You have no further to look than South Carolina's black GOP Sen. Tim Scott for this proof:

Sen. Tim Scott, R-S.C., an honorary co-chairman of the Selma trip and the only African-American Republican in the Senate, said voting rights and the commemoration of Selma should be “de-coupled.”

The issue of voting rights legislation and the issue of Selma, we ought to have an experience that brings people together and not make it into a political conversation,” Scott said.

We have to "de-couple" civil rights from the struggle that necessitated it, because that's the only delusional way lawmakers like Scott can feel better about themselves when it comes to disenfranchising millions. Everything about Selma is political, Senator Scott.  You're a poor student of history to pretend otherwise.

But that's what the GOP wants us to do: pretend Selma never happened, because it was never necessary.

Read more here:

Racing Against History

On the 50th anniversary of Selma's Bloody Sunday, there remain sharp differences in how race is perceived in America depending on if you're white or not.

As Barack Obama prepares to mark the march's anniversary in Selma, Alabama, 39% of Americans say relations between blacks and whites have worsened since he took office, including 45% of whites and 26% of blacks. Just 15% of Americans say race relations have improved under Obama, while 45% say they have stayed about the same.

When it comes to voting rights and criminal justice, about half of Americans think more work is needed. The poll finds 51% believe the Voting Rights Act, signed into law the summer after the march, remains necessary to make sure that blacks are allowed to vote, while 47% say it's no longer needed. Fifty percent say the nation's criminal justice system favors whites over blacks, while 42% think it treats both equally.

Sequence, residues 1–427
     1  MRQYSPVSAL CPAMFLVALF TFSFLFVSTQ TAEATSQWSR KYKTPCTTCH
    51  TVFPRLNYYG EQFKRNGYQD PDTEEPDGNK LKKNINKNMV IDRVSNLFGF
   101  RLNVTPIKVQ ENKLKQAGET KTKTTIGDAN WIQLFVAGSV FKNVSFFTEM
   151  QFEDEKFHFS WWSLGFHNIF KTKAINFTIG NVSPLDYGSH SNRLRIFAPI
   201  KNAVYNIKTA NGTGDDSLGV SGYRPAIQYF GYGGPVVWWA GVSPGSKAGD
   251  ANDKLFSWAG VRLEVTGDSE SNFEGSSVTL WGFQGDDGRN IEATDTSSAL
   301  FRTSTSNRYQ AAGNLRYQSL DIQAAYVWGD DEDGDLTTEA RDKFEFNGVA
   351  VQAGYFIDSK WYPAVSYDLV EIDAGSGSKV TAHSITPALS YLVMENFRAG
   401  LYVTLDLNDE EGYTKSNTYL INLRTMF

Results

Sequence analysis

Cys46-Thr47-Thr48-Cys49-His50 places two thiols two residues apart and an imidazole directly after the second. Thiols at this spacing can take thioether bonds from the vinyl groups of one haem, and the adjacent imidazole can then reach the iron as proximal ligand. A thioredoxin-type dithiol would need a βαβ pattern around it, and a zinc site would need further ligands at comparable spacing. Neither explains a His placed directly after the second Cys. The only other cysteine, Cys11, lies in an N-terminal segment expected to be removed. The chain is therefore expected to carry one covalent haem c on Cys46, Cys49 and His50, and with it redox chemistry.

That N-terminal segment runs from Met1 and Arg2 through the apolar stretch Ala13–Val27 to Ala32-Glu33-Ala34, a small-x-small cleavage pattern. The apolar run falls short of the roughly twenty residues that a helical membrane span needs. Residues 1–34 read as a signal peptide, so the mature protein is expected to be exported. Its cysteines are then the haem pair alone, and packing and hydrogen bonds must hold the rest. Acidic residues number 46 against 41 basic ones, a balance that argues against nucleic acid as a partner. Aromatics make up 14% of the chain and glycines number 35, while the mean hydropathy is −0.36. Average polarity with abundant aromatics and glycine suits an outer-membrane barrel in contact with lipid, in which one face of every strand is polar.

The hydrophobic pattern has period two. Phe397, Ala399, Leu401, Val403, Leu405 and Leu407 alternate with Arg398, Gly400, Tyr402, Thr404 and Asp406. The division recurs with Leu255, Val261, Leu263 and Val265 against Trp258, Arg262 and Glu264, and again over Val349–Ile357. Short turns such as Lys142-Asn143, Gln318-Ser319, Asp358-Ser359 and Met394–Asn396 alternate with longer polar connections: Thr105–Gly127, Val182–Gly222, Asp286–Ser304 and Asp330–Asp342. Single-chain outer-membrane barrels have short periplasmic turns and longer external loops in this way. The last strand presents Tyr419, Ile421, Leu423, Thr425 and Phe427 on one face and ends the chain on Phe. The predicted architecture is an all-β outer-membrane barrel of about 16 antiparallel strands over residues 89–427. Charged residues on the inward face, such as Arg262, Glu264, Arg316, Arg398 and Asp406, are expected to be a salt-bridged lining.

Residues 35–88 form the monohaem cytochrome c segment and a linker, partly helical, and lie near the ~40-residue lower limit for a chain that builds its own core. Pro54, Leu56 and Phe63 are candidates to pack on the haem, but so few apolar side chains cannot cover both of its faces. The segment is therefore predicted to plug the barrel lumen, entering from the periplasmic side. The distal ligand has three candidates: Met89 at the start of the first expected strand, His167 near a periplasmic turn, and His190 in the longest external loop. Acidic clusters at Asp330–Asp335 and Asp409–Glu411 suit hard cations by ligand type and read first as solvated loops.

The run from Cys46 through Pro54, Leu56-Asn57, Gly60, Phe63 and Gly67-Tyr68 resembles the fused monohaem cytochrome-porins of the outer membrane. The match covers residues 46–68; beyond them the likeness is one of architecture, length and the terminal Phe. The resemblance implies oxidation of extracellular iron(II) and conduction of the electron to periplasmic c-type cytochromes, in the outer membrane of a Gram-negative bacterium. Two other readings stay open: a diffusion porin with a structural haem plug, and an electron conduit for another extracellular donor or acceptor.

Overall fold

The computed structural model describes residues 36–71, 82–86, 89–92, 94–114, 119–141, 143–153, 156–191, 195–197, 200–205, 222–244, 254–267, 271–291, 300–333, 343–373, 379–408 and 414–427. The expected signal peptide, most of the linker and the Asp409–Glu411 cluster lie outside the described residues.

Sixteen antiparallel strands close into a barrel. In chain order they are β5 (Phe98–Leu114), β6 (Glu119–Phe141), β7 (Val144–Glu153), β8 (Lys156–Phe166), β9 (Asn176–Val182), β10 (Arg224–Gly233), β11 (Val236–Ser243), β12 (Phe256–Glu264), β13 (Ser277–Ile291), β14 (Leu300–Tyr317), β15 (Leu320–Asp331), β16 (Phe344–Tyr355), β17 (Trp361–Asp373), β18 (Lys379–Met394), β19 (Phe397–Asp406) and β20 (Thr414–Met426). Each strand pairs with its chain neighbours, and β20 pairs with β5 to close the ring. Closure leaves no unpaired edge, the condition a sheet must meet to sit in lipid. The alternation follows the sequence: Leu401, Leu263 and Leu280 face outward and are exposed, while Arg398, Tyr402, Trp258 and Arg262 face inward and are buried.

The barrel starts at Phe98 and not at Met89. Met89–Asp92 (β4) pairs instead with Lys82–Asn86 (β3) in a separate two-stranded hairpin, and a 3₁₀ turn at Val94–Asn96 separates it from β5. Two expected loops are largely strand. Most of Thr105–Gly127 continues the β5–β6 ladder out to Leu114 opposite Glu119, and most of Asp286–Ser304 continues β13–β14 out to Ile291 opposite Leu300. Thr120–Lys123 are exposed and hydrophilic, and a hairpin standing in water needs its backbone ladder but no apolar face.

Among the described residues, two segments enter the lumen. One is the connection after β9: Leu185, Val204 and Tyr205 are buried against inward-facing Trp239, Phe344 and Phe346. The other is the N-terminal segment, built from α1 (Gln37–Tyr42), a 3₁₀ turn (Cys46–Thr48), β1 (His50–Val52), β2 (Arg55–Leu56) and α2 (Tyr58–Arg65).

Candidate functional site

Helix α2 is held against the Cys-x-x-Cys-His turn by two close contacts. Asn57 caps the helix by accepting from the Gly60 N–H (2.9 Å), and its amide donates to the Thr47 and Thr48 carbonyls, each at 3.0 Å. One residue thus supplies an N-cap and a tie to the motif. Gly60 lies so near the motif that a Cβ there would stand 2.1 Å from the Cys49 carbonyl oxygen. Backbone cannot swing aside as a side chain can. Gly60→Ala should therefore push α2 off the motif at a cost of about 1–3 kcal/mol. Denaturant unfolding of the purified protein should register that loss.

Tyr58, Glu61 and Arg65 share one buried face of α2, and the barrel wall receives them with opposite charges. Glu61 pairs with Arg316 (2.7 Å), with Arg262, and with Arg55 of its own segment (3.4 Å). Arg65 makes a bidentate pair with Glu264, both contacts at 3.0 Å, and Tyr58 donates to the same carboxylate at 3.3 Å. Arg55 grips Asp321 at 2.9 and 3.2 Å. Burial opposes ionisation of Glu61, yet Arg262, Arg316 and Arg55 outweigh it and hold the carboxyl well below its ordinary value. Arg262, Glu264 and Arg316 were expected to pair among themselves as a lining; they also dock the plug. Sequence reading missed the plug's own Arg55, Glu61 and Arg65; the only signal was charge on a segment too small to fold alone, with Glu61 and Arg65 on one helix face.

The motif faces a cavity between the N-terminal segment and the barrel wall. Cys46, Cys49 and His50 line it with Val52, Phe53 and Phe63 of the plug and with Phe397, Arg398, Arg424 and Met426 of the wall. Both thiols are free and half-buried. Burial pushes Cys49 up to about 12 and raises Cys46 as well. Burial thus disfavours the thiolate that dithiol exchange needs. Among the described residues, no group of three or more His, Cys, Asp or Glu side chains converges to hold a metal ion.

On employment, most see progress, with 72% saying blacks in their community have as good a chance as whites at getting jobs for which they are qualified, 28% say they do not.

But across all these measures, the overall results mask sharp divides between blacks and whites on perceptions of racial disparity in the U.S. While 76% of blacks say the Voting Rights Act is necessary in present day to ensure that blacks are able to vote, just 48% of whites agree. Likewise, 54% of African Americans say blacks do not have as good a chance as whites to get jobs for which they are qualified, just 19% of whites agree.

And blacks and whites are broadly divided in their assessment of the nation's criminal justice system. Three-quarters of African Americans (76%) say the system favors whites, compared with 42% of whites who hold that same opinion. The poll was completed before the Department of Justice released a report finding widespread racial discrimination by the police department in Ferguson, Missouri, where the shooting death of 18-year-old Michael Brown, who was black, by a white police officer sparked months of protests.

Oh and two-thirds of Republicans say race relations are worse under President Obama.   It's very easy to blame him, rather than ask yourself why that is.  I'm sure the Ferguson report will be dismissed the same way.  "Well, it's just one city with one bad police department.  That kind of thing doesn't happen where we live, and it's a waste of time and money looking for evidence otherwise."

The 42% of people who believe that blacks and whites are treated the same in the criminal justice system aren't delusional, frankly.  But then again, that's nothing new either.